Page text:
January 18, 2011

Perpetual Hinge Puzzle Box

Back in December I purchased Robert Yarger's latest box: the Perpetual Hinge Puzzle Box. There are hinges on each of the four sides of the box, forming an endless loop. How could it open? Needless to say, I was quite intrigued. The photo is by Jim Strayer, one of the few people with a complete set of Robert's work. Check out the full list here.

Here's an excerpt from Robert's description:
While not as complex as some Stickman puzzles, this box does not skimp on “aha moments”.  Its devious and unique solution requires a minimum of at least 13 steps, and accessing its 4 hidden compartments can stump the most profound of sleuths. 
While I wasn't too thrilled that he said that it wasn't as complex as some of his other work, I did like the fact that it was less expensive than Gordian Knot Puzzle Box and potentially even more difficult! The fact that it has multiple compartments was also appealing.

I've found that I'm frequently surprised that the actual size of Robert's work is different from how I envisioned it: Gordian's Knot was smaller than I expected given all the small details, but Perpetual Hinge is quite large at almost a foot long! I think this is a good size for it though, given the mechanisms involved. It makes it quite sturdy, so I don't feel too worried letting other folks try it out.

It is crafted out of jatoba and white oak with leopardwood hinges, which gives it a fairly simple but nice appearance more reminiscent of his earlier work. As Jim notes, the mechanical-looking appearance is also a return to Robert's roots. It was produced in a limited edition of 28.

I started working on this one right away, curious to see how long it took me to find the first compartment. I checked the clock before I started and as I worked on it realized that this puzzle may be more challenging than I bargained for! I found a number of things that moved and felt like I was starting to make some progress in understanding the movements, but I still couldn't quite get it open. After about 30 minutes, I set it aside to return to later.

That evening, I again worked on it for a good 30 minutes, if not more, but didn't make any real progress. I did make one observation, but couldn't figure out how to use it. This repeated for a few days, and I decided to bring it to my parents' house for Christmas, hoping that I could make some progress. While I was there, I was suddenly able to see how to use the observation I had made earlier. It is very clever and subtle!

With this puzzle, it is quite easy to keep going around in circles thinking you are making some kind of progress. I enjoyed this since I was eventually able to figure it out, but I think a lot of folks will get frustrated and give up at this stage. Those folks should be encouraged to think outside the box, so to speak, and not keep trying the same thing. Life lessons through puzzles!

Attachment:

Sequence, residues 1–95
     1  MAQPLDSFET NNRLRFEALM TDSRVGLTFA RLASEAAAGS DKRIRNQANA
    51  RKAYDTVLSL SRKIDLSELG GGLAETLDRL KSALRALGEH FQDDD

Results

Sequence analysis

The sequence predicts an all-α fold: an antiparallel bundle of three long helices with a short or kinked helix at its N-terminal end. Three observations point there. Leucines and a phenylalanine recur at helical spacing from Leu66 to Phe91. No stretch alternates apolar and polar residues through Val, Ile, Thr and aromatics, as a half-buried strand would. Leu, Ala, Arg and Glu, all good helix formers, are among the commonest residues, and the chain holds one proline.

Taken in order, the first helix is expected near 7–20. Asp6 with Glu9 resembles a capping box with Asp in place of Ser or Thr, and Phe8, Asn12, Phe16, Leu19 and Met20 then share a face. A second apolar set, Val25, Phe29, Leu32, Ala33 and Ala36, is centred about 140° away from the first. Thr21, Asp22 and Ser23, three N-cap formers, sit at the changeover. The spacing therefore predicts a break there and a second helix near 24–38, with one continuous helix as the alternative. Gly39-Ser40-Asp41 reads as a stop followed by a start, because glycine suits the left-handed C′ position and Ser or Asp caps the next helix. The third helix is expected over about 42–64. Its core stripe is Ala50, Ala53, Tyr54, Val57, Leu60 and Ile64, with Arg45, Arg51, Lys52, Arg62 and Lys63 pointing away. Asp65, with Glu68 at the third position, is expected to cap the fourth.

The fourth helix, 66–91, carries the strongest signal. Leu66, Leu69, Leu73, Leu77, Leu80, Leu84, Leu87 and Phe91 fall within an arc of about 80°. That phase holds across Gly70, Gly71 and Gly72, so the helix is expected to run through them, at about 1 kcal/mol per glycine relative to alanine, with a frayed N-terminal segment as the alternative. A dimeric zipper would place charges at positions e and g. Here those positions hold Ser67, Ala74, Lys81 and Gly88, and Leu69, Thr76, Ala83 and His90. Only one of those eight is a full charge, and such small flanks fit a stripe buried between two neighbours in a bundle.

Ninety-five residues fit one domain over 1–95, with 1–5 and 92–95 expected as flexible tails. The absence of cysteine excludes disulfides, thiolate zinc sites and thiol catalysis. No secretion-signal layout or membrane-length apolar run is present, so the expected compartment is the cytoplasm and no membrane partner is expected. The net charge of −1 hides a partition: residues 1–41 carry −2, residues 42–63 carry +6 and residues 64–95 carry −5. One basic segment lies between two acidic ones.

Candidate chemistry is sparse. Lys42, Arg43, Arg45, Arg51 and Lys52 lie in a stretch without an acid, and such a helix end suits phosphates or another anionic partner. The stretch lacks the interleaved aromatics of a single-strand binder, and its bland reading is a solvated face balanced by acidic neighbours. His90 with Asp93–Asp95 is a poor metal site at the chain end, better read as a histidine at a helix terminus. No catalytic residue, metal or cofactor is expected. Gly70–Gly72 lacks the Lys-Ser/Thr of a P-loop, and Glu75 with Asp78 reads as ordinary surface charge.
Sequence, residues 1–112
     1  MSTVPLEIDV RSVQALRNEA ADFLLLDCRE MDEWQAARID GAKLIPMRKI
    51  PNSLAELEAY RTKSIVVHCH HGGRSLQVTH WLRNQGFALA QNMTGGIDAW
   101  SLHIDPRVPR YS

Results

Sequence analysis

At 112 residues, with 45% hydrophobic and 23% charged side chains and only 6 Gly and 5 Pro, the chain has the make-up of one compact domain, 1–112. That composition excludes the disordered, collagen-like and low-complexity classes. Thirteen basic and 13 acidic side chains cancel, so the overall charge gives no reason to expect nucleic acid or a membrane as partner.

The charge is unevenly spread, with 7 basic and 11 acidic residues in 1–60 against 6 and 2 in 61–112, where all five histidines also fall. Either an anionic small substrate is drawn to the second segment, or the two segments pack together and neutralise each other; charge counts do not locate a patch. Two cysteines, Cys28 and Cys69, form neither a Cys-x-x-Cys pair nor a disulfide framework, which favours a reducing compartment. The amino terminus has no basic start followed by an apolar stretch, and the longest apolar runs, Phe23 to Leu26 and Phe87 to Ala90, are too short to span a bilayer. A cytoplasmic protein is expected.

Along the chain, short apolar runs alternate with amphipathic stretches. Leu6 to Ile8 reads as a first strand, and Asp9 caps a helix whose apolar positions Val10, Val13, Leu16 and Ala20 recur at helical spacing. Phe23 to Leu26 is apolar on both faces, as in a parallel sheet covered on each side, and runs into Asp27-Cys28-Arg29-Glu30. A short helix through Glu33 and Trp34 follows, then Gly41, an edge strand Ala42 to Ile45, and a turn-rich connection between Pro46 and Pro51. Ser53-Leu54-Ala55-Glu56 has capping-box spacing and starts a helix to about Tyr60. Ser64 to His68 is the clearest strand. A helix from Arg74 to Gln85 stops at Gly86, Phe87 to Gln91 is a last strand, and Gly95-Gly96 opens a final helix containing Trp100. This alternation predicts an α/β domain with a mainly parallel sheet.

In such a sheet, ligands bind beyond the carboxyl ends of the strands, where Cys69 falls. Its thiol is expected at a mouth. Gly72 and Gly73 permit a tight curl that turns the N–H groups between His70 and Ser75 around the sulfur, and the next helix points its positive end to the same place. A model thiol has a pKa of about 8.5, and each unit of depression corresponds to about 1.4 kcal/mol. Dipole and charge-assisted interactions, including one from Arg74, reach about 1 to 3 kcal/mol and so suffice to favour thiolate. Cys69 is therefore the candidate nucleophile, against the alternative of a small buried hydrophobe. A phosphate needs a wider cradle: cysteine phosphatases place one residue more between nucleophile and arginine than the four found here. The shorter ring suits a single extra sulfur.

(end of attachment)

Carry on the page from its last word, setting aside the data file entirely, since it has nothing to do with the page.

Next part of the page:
So I had accessed the first compartment and went on to find the second. I was somewhat relieved to find that it follows fairly easily after you get the first one. Of course, the rest of the puzzle couldn't be that easy: the 3rd and 4th proved quite elusive! I again set the puzzle aside to return to later.

The next day, again I found myself going in circles not making much progress. I really needed to think and not just fiddle mindlessly. I had a few ideas for how it might work, but none of them seemed to pan out. Several days later, when I was at my wit's end, I found the next step, which reveals the last two compartments!

In corresponding with Robert, he mentioned that this wasn't quite intentional, he had hoped for the fourth to require additional steps, but it didn't quite turn out that way. Still, I don't think that it is a problem at all, it was still a real beast to solve! In all, I think it took me more than a week, and probably somewhere around 5-10 hours to solve.

As far as downsides, some might not like the simpler appearance of this one or the fact that it is fairly large, but that didn't bother me. The main thing that folks may not like is the red-herring aspect that can get you going in circles like I mentioned earlier. I thought it was done fairly and with enough to get you going in the correct direction, but some might not like this feature. Indeed, Robert was initially reluctant to include this type of feature in his boxes. However, he had a change of heart when inspired by Peter Hajek's work:
My thought had always been that a puzzle was not really a puzzle unless it could be solved entirely by logical deduction, and I never was one for discovery on random chance. I was greatly intrigued by [Peter Hajek's] past IPP entry with the matchsticks and that giant red dot that really did nothing. I changed my views a bit on such puzzles at that time, and realized that the requirement of abstract thought in a solution was also a valid form for a puzzle. After all, the solution to many everyday problems often requires moving out of pre-conceived patterns of logical thought.
It is interesting to hear his thoughts on it, and I totally agree. Of course, it is the task of the puzzle designer to make sure that the correct path of abstract thought is possible at some level, and I think Robert did a good job with this.

Overall, I think this is an excellent puzzle that I'm very glad to have purchased. I don't think I like it quite as much as Gordian Knot, but that's currently my all-time favorite puzzle so it is hard to compete!  I can't wait to see what Robert comes up with next!

Check out Jeff Chiou's blog entry about this puzzle as well to read about his experience.

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